Precautions to take When Washing Dishes
It is important to take precautions to avoid ingesting or coming into contact with harmful elements when washing dishes. Follow these guidelines:
- Wash dishes without tapping directly into the faucet also leaving them to air dry thoroughly.
- Consider washing your dishes in a dishwasher as it sanitizes every item at high temperature which kills microorganisms.
Restrictions on Cooking and Preparation of Food
During a boil water advisory period, it is essential to observe restrictions that ensure our safety from contaminants while cooking and preparing food. These include;
- Avoid eating raw foods within this time as they could contain harmful pathogens that can cause gastrointestinal infections.
- Take care not to ingest contaminated food items( including your hands).
- Observe food handling practices like refrigerating perishable foods like meat and dairy products below 40 degrees Fahrenheit or above 140 degrees Fahrenheit (The Temperature Danger Zone).
- Avoid making ice cubes from untreated tap water; instead use bottled water which has been pre-boiled.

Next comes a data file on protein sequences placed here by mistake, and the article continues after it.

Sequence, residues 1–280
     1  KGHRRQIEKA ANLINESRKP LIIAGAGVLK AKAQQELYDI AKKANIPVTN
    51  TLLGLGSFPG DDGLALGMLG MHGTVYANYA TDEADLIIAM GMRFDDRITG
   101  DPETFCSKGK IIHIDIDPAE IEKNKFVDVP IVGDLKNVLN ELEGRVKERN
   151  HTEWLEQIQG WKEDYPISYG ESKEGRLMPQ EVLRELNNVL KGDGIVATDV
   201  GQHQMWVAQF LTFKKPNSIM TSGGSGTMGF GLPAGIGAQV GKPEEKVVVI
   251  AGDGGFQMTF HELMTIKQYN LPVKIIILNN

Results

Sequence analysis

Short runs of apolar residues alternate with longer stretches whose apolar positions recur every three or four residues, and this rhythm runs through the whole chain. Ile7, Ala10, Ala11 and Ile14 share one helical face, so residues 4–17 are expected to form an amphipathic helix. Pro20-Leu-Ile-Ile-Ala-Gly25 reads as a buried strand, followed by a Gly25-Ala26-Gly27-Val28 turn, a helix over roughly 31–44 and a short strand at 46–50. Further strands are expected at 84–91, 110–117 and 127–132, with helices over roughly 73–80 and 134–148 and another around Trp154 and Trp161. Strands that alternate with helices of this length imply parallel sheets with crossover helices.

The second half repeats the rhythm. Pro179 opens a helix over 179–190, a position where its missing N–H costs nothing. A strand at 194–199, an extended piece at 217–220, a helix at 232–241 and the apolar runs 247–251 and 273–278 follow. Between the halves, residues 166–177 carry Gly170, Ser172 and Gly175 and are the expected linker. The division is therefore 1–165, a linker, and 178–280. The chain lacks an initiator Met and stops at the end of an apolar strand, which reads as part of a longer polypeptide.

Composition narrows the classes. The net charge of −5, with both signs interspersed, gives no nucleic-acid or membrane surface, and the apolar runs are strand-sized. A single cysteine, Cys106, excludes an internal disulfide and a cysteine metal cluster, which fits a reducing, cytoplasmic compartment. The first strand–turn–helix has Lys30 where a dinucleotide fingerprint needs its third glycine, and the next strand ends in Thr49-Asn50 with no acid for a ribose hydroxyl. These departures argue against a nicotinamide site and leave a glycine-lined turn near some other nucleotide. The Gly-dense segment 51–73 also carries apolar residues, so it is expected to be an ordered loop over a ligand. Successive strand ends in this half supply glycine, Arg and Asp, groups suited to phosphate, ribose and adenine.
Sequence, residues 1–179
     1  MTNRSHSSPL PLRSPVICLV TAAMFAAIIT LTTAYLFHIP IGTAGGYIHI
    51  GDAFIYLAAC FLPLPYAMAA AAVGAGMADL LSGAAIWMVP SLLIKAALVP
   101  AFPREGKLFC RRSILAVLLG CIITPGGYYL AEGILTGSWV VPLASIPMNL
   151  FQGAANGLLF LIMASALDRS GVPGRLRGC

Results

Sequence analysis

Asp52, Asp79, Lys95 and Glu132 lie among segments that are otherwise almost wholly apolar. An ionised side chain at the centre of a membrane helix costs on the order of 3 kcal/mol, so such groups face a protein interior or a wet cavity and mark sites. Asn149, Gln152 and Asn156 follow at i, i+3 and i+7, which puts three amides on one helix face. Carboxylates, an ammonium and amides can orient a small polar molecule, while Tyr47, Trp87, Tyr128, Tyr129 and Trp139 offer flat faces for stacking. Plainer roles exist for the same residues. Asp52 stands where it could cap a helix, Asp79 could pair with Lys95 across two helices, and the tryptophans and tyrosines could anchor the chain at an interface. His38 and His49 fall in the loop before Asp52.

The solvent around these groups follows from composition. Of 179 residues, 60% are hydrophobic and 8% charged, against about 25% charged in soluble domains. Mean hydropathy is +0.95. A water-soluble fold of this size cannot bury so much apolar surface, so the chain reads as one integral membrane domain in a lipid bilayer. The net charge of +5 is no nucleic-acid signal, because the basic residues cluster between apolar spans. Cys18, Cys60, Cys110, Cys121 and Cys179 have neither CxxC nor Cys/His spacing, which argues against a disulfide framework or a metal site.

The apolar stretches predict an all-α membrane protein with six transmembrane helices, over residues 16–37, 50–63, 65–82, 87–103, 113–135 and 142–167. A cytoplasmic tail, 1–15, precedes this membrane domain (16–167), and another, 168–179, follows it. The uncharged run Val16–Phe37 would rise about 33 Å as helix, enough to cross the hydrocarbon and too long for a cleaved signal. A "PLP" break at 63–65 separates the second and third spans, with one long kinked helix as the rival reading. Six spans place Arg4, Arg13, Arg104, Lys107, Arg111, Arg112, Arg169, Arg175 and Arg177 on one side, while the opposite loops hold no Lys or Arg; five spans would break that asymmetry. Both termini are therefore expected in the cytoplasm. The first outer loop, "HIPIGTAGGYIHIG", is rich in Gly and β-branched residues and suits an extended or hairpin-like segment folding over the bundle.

Avoidance of Drinking Tap Water Without Boiling It
While under a boil water alert, any tapwater needs boiling before consumption excepting bottled water that have been confirmed safe by local authorities distributed across cities and communities under this advisory period in question.
Recommendations for Personal Hygiene
It is essential always to practice good personal hygiene habits regardless of an ongoing BWA in your locality. These may include:
- Hand washing: Use bottled/boiled/distilled water when washing hands before meal preparation and after restroom use.
- Dental care: Use previously boiled/distilled/ bottled water to rinse your mouth or brush your teeth while the boil water advisory lasts.
Impact of Heating Water on Contaminants
Boiling tap water is an effective way to eradicate harmful microbes from the untreated source of potable (drinkable)water in question. Boiling the tap water can help kill pathogens such as bacteria, parasites and fungi. The necessary minimum temperature required for killing varies depending on the specific type of microorganism present in the water sample.